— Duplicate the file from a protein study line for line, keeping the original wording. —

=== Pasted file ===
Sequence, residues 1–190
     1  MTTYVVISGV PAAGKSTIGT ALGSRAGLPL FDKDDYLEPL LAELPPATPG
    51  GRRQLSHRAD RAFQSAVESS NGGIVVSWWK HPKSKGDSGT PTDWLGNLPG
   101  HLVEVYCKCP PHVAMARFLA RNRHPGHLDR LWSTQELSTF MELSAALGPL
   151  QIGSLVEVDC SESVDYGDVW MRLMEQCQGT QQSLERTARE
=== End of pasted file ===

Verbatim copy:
Sequence, residues 1–190
     1  MTTYVVISGV PAAGKSTIGT ALGSRAGLPL FDKDDYLEPL LAELPPATPG
    51  GRRQLSHRAD RAFQSAVESS NGGIVVSWWK HPKSKGDSGT PTDWLGNLPG
   101  HLVEVYCKCP PHVAMARFLA RNRHPGHLDR LWSTQELSTF MELSAALGPL
   151  QIGSLVEVDC SESVDYGDVW MRLMEQCQGT QQSLERTARE